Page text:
Knockaloe's link with the Champions League
The Liver Building
There may not seem much that links the six-times European champions Liverpool FC and Knockaloe internment camp, but it’s staring us all in the face.
As any Liverpool Football Club fan will tell you, the club has recently ’conquered all of Europe’ and on shirts and flags across the world worn and flown by fans, there will be many designs but one constant, the Liver Bird.
The bird came to symbolise Liverpool as a city as early as the 13th century when King Henry III gave the city the right to use a common seal.
Throughout the centuries, the bird itself changed in design and began to resemble more of the birds which are seen across the city today.
And when the Royal Liver Building was built, it was decided two of the birds would be perched on the highest parts of the building and a competition was held to choose the design.
That competition was won by Carl Bernard Bartels, a German national who had been working London. His design was then realised in copper by the Bromsgrove Guild of Applied Arts and the birds were added when the building was completed in 1911.
The birds are named Bella and Bertie, one looking to the sea and the other over the city, are chained to the roof of the building, representing the idea that if one of the liver birds were to fly away, the city of Liverpool would fall.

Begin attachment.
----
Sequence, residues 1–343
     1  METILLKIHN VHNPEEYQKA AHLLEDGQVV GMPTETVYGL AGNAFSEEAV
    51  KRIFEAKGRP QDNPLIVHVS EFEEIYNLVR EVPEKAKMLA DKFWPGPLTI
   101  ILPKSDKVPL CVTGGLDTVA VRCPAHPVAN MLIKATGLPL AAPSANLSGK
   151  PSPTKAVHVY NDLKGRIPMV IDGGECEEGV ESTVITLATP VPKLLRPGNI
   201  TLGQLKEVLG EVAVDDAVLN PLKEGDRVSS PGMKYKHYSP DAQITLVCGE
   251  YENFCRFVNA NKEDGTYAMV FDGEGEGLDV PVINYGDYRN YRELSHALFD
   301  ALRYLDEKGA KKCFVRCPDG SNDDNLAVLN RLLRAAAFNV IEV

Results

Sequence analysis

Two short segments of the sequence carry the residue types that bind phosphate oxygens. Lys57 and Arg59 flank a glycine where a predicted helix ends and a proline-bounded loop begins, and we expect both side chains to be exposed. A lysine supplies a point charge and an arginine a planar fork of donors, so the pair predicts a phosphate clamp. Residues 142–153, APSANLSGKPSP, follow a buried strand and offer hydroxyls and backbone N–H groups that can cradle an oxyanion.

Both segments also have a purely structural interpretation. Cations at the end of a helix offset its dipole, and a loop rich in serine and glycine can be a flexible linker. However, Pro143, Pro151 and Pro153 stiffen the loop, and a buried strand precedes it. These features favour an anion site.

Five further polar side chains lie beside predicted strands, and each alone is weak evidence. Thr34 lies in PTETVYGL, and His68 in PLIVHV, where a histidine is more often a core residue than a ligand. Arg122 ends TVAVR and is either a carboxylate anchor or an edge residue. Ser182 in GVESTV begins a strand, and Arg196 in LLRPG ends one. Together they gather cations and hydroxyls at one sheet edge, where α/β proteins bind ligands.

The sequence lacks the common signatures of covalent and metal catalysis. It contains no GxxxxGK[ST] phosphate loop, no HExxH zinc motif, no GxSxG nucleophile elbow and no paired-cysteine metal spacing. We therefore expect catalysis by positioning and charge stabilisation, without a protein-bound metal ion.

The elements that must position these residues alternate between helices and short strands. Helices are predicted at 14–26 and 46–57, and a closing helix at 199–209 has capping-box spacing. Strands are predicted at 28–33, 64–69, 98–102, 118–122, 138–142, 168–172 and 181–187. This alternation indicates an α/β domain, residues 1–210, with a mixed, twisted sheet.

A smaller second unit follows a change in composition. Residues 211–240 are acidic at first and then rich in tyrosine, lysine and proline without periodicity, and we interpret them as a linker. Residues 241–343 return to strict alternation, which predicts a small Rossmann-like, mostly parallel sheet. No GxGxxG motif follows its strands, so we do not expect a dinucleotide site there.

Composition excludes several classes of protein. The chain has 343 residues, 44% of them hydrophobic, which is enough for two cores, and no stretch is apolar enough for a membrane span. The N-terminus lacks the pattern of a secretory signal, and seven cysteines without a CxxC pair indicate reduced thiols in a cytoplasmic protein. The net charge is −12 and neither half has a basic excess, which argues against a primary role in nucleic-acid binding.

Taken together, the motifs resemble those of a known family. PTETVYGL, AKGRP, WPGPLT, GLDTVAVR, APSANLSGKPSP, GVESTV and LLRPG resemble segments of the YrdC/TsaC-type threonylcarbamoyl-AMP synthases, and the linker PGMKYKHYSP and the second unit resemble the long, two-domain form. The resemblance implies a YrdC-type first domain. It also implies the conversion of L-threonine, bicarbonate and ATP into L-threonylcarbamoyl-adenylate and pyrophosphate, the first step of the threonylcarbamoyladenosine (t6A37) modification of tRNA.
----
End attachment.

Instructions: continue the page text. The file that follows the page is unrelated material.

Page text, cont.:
A popular legend in the city is that Bella looks out to sea to keep an eye on sailors coming to the city and Bertie protects the people of the city itself.
After his work on the birds, Bartels was then interned at Knockaloe camp throughout the First World War, despite having lived in Britain for more than 20 years.
Following the end of the war, he was then forcibly repatriated to Germany, having to leave his British wife and family behind.
Bartels did later return to the UK and worked in Harringey, London, where he designed carvings for Durham Cathedral and later made artificial limbs during the Second World War. He died in 1955.
However, since his death, his most famous design has come to symbolise the city of Liverpool and been adopted by Liverpool FC and its fans around the world, having originally been the emblem for rivals Everton FC.
Knockaloe internment camp visitor centre is currently displaying artefacts designed by Bartels during his internment including his carved lion walking stick and a chess set he made from cotton reels which have been lent by his great grandsons.
The centre is open 10am to 5pm Wednesday to Saturday. For more information call 648484 or search Knockaloe on Facebook.
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